At our recent Earth Day outreach, several Coop members stopped by and some had questions for us. We were collecting batteries for recycling (something the Food Coop does not normally do) and sending them off in a prepaid mailer to Waste Management, Inc. One person wanted to know:
What happens to the recycled batteries?
The recycling process starts by removing the combustible material, such as plastics and insulation, with a gas fired thermal oxidizer. Gases from the thermal oxidizer are sent to the plant's scrubber where they are neutralized to remove pollutants. The process leaves the clean, naked cells, which contain valuable metal content [nickel, chromium, iron].
The cells are then chopped into small pieces, which are heated until the metal liquefies. Non-metallic substances are burned off; leaving a black slag on top that is removed with a slag arm. The different alloys settle according to their weights and are skimmed off like cream from raw milk.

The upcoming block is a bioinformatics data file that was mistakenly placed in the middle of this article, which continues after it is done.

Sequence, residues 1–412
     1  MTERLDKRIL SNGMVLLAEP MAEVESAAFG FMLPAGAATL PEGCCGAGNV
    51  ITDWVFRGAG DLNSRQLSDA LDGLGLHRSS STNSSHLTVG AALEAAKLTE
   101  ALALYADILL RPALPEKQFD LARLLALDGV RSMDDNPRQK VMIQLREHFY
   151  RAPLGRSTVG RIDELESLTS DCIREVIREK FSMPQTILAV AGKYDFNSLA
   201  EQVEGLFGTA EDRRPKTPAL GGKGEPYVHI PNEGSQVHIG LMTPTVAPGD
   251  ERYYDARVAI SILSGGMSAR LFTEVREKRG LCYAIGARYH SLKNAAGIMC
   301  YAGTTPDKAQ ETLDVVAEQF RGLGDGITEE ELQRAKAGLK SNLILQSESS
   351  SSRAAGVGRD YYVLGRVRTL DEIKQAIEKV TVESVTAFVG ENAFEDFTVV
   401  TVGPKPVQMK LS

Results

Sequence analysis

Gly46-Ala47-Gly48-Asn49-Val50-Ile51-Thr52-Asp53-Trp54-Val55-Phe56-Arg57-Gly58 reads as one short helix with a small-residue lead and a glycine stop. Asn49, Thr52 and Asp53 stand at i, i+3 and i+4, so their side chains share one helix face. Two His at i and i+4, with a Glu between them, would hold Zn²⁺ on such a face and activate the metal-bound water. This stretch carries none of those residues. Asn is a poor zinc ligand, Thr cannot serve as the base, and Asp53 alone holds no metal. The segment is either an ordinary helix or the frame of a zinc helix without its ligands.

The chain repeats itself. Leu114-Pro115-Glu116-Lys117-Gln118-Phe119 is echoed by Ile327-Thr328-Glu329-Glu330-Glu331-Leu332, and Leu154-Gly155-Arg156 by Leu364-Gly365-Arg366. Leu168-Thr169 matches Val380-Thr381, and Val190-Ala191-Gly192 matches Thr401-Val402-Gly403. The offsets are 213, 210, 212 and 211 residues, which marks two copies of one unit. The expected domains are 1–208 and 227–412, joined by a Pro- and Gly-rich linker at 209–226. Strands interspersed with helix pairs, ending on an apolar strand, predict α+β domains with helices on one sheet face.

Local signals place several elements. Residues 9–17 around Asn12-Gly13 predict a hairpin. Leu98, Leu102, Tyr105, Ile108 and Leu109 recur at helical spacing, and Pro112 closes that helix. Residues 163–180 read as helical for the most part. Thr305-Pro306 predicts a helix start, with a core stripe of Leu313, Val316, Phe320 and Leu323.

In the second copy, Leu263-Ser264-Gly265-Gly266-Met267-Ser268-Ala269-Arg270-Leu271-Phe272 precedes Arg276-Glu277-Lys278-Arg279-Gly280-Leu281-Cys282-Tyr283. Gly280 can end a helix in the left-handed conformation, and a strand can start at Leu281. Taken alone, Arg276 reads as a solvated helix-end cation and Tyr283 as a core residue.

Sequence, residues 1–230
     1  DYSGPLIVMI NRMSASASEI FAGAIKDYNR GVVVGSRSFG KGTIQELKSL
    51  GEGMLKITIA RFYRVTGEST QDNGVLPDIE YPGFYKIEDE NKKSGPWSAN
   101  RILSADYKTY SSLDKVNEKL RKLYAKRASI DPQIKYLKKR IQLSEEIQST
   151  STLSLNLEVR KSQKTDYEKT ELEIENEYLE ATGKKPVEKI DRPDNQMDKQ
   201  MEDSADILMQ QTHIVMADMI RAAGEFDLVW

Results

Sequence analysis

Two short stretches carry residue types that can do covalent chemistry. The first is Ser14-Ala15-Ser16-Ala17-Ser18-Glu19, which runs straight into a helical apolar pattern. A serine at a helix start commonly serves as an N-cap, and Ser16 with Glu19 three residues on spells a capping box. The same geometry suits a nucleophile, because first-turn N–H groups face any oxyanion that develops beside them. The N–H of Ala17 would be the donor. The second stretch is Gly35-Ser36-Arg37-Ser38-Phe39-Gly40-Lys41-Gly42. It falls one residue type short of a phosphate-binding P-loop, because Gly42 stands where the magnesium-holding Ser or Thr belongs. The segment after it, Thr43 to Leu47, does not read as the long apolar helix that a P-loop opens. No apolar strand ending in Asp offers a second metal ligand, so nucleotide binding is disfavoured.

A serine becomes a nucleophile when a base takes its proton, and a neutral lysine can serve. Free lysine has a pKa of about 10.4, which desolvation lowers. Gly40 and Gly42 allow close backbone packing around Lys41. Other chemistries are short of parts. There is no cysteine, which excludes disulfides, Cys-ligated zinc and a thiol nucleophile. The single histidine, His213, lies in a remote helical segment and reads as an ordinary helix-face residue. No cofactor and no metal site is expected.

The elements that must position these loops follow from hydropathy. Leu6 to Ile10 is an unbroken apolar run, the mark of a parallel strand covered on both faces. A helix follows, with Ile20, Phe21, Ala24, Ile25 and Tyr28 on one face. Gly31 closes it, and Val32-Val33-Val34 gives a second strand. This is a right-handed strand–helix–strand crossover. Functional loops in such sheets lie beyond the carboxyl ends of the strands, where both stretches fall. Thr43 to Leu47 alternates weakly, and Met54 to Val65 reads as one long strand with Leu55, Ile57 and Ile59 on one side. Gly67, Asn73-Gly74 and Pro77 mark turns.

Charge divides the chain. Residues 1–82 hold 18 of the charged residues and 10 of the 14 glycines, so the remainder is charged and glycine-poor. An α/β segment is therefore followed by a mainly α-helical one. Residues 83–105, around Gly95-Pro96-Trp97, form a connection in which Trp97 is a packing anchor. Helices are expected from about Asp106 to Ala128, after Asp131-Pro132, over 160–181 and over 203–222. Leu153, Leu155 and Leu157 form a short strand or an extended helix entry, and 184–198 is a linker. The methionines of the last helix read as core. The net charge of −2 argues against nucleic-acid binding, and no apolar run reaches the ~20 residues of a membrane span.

A related question came up at the Earth day table. Why do we pay money to have these things recycled?
Current battery recycling methods requires a high amount of energy. It takes six to ten times the amount of energy to reclaim metals from recycled batteries than it would through other means.
Battery recyclers claim that if a steady stream of batteries, sorted by chemistry, were available at no charge, recycling would be profitable. But preparation [sorting, which is a manual process] and transportation add to the cost.
You can search by zip for places to drop off batteries for recycling at Earth911.
***If you have questions for us, email us at ecokvetch@Yahoo.com